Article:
A disabled woman has settled her Employment Tribunal claim against the London Organising Committe of the Olympic Games and Paralympic Games (“LOCOG”) after a recent Court of Appeal decision.
Ms Tracy Part, 42, started volunteering for LOCOG in their catering department last year, working primarily in the Athletes Village prior to the start of the summer Olympic Games. Ms Part, who suffers from severe epilepsy and arthritis, believed that LOCOG had failed to take sufficient account of her disability and that she was unable to complete her duties due to the practices and procedures that they followed. She therefore terminated her volunteer work and issued Employment Tribunal claims under the Equality Act 2010, including a failure to make reasonable adjustments to account for her disabilities, discrimination arising from her disability, indirect discrimination and disability-related harassment.
It emerged last week in The Third Sector that Ms Part – a PhD student – had settled her disability discrimination claim. It is not known how much she settled the claim for but it is believed that she was looking to achieve at least a £5,000 figure to withdraw her claim. Equally, it is not known whether she settled her Employment Tribunal claim via an ACAS COT3 form or whether a compromise agreement was used. Neither Ms Part or LOCOG commented on the settlement, with a LOCOG spokeswoman stating that to do so would breach the confidentiality of the agreement to settle the claim.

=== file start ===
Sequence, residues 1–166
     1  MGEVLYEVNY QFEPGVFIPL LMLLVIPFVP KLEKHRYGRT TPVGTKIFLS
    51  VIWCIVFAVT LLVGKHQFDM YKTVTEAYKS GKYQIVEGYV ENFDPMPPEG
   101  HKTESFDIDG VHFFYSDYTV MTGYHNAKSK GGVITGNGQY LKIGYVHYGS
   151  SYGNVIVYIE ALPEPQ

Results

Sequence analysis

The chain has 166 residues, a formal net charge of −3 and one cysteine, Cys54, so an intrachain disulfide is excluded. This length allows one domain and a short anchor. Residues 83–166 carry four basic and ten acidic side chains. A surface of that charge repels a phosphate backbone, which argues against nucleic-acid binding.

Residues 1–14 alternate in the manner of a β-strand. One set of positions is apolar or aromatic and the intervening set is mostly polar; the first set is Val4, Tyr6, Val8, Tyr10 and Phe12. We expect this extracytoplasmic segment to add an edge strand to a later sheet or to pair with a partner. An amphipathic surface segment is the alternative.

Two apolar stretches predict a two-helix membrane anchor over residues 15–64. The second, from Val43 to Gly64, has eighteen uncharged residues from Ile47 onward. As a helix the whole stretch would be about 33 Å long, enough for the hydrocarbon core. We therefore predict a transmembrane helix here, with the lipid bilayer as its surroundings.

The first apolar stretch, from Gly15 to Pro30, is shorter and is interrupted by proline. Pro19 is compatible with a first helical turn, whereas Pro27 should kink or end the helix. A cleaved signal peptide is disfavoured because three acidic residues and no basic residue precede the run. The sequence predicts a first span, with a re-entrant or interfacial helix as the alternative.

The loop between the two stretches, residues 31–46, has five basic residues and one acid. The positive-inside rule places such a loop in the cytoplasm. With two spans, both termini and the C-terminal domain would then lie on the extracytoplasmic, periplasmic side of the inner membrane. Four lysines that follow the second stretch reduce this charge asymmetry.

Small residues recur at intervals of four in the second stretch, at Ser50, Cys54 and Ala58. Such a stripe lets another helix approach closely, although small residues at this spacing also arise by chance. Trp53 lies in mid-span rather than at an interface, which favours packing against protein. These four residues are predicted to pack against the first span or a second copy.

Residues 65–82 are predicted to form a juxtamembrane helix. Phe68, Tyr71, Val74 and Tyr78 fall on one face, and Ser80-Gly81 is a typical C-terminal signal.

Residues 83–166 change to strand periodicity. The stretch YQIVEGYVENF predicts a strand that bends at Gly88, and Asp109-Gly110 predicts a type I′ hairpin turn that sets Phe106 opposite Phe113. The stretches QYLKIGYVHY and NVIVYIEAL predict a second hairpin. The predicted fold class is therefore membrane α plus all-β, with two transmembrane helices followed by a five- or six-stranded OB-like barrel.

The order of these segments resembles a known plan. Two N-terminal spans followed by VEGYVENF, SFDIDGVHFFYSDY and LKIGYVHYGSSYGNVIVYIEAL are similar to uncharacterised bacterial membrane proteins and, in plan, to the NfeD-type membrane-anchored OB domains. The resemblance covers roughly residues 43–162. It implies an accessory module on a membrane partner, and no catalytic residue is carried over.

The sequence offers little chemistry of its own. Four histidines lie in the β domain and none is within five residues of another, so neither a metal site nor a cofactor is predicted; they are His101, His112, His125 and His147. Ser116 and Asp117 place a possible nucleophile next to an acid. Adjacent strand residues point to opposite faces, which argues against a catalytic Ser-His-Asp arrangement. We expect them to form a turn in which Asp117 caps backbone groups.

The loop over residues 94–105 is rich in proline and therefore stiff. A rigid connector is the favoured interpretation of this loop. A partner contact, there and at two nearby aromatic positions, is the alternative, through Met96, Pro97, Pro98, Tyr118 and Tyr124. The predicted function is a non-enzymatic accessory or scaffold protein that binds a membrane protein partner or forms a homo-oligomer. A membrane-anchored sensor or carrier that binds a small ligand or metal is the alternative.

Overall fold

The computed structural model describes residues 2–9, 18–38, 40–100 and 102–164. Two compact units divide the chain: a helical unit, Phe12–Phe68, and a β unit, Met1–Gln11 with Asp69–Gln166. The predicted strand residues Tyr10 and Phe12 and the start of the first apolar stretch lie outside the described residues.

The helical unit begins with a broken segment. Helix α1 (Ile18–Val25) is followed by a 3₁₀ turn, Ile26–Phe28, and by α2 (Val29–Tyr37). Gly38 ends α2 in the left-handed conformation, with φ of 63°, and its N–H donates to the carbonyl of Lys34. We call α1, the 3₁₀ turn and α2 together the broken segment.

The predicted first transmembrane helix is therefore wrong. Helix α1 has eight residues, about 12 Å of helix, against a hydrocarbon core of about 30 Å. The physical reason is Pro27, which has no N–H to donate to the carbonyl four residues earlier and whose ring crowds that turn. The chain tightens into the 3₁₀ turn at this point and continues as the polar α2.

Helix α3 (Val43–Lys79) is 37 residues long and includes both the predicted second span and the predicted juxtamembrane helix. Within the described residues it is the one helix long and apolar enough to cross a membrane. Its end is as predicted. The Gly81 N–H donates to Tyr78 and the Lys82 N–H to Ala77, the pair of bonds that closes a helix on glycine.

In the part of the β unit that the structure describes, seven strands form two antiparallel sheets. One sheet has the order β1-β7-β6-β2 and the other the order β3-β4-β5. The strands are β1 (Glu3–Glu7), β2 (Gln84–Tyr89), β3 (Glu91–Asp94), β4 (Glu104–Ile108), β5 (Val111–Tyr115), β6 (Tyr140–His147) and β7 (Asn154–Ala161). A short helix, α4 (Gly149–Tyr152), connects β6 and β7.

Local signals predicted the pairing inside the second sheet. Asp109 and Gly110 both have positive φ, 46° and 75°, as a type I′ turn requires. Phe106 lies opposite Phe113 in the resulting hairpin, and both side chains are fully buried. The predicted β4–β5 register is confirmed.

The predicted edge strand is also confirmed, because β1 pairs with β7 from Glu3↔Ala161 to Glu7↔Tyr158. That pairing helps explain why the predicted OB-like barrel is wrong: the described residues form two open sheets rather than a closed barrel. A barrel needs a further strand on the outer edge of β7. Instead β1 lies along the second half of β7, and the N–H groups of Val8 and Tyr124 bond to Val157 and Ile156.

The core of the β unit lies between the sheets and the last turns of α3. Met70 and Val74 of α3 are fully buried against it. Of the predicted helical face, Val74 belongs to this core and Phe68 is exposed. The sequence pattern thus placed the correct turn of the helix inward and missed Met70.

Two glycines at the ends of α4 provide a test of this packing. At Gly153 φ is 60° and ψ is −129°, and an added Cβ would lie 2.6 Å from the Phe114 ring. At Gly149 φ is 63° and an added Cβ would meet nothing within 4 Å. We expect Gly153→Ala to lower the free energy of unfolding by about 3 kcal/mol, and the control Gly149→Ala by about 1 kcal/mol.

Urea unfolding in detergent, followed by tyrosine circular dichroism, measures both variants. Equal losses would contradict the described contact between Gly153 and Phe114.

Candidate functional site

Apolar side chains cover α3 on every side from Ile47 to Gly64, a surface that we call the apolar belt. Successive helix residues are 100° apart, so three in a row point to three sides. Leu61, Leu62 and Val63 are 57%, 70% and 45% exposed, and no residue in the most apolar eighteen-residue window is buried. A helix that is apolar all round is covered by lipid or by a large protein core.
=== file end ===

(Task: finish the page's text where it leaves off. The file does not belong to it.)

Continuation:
One of the factors that is believed to have potentially persuaded Ms Part to settle her claim is the recent Court of Appeal decision in X v Mid Sussex Citizens Advice Bureau. It was determined in this case that the Equality Act 2010 was not supposed to allow volunteers to make claims for discrimination against their “employers” (unless, of course, the custom and practice of the arrangement suggested that there was a contract of employment in place i.e. the paying of wages instead of expenses).
This case demonstrates that volunteers (perhaps unsurprisingly) have little recourse against their “employers” if they feel that they have been discriminated against. However, employers in general should be careful that they are not discriminating against disabled employees (or any other protected characteristic i.e. age, race, sex, sexual orientation etc.) otherwise they may find themselves facing a costly and time-consuming Employment Tribunal claim.
If you think that you may have a claim for discrimination it is recommended that you obtain independent employment law advice from an employment law solicitor. Further, it is recommended that you submit a grievance letter to your employer as soon as possible (by using, for example, this grievance letter template).
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